Motherhood can be extremely scary. That’s why we have Jodi Ciampa, our latest addition to the Identity team. Parenting is difficult and not one parent is perfect. Jodi will share her insights from One Mother to Another in hopes to give you support on real-life parenting and what motherhood is all about.
Do you remember the first time you realized you were tall enough to ride the roller coaster at the boardwalk? Oh, how you begged your mom to let you go. Then when you were waiting on line, you held your tickets so tight your hand began to hurt. And as the line got shorter and you moved closer to the front, you couldn’t control your excitement and you began to sweat.
The mere anticipation of going to the top of the biggest hill and the nervousness and fear of speeding down took your breath away. Now think back to that same roller coaster and how your excitement was intensified when you were riding it with your best friend – the same friend who made it OK to be scared that you laughed until your stomachs hurt.
Motherhood = Wildest Roller Coaster
Now fast forward to present time and think about riding a roller coaster that never leaves the ground and you can’t get off. It is the craziest, wildest ride of your life, but you often find yourself riding alone. This roller coaster is called “Motherhood” and the ride is a never ending wave of emotions because there are so many more than just excitement, anticipation, fear and nervousness. The heartfelt emotions that make you feel like you are at the top of the biggest hill become the bottomless lows faster than it took for the childhood ride to be over so many years ago.
Can you agree that your motherhood world has experienced these emotions like mine?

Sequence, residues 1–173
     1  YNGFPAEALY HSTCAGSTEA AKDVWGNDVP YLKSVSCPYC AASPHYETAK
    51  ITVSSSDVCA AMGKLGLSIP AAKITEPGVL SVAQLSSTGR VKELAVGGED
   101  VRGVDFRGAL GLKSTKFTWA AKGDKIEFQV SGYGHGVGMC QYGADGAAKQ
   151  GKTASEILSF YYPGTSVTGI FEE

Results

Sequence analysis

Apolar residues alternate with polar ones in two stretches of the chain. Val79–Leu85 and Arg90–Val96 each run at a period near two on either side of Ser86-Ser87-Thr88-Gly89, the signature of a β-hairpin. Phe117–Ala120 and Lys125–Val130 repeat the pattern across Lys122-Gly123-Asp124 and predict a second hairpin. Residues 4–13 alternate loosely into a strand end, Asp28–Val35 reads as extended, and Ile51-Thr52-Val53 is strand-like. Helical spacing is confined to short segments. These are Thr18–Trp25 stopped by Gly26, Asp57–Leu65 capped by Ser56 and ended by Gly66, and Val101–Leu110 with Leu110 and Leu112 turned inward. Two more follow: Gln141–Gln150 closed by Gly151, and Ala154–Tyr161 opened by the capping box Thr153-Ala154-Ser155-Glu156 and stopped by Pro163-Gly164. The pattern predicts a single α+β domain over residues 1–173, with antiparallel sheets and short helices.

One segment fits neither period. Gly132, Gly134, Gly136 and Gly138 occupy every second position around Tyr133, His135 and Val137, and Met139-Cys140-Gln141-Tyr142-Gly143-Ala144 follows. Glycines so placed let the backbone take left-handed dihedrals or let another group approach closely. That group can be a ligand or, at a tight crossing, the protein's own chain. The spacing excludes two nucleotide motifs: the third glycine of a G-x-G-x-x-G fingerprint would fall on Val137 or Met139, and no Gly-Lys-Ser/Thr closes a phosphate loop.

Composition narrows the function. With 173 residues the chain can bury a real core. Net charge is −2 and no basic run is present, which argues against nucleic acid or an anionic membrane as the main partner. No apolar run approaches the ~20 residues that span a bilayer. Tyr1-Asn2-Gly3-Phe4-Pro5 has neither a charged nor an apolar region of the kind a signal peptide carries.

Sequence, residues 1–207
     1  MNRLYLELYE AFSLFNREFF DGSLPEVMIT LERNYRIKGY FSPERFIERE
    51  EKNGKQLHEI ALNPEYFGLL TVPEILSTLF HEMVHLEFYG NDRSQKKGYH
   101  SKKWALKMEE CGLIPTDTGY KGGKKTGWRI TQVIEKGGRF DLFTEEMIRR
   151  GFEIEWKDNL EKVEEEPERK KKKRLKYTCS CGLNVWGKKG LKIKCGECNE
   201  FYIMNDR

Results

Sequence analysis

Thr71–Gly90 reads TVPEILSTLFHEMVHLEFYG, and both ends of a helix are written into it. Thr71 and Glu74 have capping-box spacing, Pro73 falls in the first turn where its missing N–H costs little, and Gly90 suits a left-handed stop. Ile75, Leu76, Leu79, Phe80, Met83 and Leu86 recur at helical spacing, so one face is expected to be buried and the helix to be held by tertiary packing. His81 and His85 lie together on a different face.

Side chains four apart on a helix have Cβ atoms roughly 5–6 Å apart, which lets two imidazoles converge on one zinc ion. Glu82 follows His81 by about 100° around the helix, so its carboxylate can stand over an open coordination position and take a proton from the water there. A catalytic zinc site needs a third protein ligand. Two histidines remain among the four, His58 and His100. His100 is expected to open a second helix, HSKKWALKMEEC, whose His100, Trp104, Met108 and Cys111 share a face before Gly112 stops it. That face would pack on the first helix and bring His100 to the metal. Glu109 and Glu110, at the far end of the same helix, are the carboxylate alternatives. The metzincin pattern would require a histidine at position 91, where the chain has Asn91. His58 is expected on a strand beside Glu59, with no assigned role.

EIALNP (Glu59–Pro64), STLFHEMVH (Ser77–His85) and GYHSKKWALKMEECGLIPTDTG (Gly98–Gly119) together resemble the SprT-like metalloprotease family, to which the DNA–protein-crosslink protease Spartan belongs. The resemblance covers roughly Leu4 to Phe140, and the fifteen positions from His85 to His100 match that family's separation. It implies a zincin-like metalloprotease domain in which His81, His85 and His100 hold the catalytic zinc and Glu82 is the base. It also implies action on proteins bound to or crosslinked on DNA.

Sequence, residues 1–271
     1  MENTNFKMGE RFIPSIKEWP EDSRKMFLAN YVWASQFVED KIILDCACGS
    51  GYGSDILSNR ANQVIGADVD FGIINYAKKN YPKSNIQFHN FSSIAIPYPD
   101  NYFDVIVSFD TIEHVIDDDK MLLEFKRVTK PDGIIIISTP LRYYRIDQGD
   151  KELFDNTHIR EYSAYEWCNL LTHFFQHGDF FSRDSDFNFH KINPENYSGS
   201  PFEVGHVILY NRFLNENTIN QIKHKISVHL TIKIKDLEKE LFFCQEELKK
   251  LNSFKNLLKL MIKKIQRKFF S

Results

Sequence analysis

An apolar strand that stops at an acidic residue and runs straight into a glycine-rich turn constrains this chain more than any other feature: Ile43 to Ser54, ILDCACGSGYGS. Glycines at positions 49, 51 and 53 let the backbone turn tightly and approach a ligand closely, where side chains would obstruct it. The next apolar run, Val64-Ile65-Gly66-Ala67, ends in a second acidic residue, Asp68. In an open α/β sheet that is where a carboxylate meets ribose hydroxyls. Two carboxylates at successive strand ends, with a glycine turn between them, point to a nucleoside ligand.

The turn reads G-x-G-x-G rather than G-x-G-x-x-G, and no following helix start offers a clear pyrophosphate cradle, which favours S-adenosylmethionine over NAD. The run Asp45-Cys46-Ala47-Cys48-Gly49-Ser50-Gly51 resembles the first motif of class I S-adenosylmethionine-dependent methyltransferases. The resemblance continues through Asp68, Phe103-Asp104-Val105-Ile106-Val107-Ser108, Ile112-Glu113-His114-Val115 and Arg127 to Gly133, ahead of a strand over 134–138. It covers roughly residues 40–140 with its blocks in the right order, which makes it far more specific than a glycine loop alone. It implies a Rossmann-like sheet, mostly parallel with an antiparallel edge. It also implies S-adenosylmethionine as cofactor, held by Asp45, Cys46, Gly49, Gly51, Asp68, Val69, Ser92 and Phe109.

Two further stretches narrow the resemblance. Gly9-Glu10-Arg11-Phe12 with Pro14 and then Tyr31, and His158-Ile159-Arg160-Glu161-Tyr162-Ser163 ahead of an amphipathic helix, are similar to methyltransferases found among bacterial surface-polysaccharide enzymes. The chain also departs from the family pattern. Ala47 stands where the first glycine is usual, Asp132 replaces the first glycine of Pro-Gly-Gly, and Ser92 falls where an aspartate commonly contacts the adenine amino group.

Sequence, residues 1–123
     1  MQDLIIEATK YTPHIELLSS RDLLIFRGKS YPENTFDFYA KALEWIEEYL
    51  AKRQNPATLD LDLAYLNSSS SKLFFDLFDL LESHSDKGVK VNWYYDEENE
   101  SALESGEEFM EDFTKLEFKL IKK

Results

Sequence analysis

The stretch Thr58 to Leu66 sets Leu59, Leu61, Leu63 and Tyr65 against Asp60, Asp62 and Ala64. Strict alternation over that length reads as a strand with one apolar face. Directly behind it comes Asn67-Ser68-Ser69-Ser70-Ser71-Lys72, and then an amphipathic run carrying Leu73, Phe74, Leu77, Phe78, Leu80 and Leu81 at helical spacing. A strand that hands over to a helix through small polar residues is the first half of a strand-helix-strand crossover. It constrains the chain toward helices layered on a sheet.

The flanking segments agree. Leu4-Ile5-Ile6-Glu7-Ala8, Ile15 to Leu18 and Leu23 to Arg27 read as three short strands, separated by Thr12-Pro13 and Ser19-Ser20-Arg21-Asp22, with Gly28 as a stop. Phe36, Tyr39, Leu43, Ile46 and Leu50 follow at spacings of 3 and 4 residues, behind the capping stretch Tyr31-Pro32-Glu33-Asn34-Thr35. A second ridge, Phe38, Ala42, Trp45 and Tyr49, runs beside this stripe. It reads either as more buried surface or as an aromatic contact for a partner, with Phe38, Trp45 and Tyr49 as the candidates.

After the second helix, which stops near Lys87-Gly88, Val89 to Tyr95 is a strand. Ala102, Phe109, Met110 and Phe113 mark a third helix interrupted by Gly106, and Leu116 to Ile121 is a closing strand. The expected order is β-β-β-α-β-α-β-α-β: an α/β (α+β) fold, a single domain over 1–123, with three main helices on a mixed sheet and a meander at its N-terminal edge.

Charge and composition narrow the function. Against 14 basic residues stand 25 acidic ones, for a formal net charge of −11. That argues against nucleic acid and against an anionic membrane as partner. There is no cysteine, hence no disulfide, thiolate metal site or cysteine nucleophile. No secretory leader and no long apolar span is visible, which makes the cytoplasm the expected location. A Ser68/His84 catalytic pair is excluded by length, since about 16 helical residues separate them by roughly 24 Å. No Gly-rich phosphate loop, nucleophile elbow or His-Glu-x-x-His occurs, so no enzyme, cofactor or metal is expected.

Inspiration — Because you want to be the best mother and set the best example you can for your children.
Hysteria — When you see your baby for the first time and can’t believe this miracle is yours.
Delirium — When you feel like a robot because taking care of a newborn turns a 24 hour day into three hour intervals performing the same tasks over and over and over again.
Frustration — When you realize that the whole day has gone by and you didn’t even have time to brush your teeth.
Resilience — When you are able to maintain the life of a 4-year old after being on bed-rest and delivering your second child seven and a half weeks early.
Contentment — When your newborn baby is asleep soundly on your chest and you know all her needs are being met.
Naivety — Going to buy diapers for your newborn and thinking the word JUMBO on the package means they’re for an extra, large baby not the size of the pack.
Distress — Always worrying that the way you behave and the things you say are going to leave mental scars on their impressionable brains.
Hopelessness — Feeling like there is no way out, it’s never going to end and you just don’t want to do it anymore.
Disappointment — When you thought you bought the perfect gift, the one that he’ll remember forever and your child has absolutely no reaction – not even a thank you.
Rage — When you become a screaming maniac and lose control of your whole body; and even when your brain tells you to calm down, you just can’t.
Hilarity — When you turn your back for a split second and the bowl of spaghetti is no longer dinner but a hat.
Agony — Seeing your child sick or in pain and begging God to take it from them and give it to you.
Joy — Watching your child laugh and scream in happiness because they are having “the best time ever.”
Anguish — When your child says they hate you and wants a new mother because you wouldn’t make grill cheese for lunch.
Righteousness — Knowing whole-heartedly and without a doubt that NO ONE in this world can raise your child better than you.
Pride — When you find that your 8-year old son has taken it upon himself to set his alarm, get dressed and is in the kitchen finishing homework that he couldn’t the night before because of sports before you get out of bed.
That’s why it is so important to have a support system – people, women, mothers — who are going through the same experiences at the same time. Having someone to ask advice of, share happy moments with, or cry to. Just knowing someone will sympathize and empathize with you, makes this ride a little less lonely. We are sisters embarking on this emotional roller coaster, A.K.A, “Motherhood.” It is important to forgive ourselves and to know that relying on each other doesn’t make us weak, it makes us better. From One Mother to Another – we are all in this together.
Jodi has set a goal to write a book and is on her path to achieving it! Please visit her new blog at www.jodiciampa.com.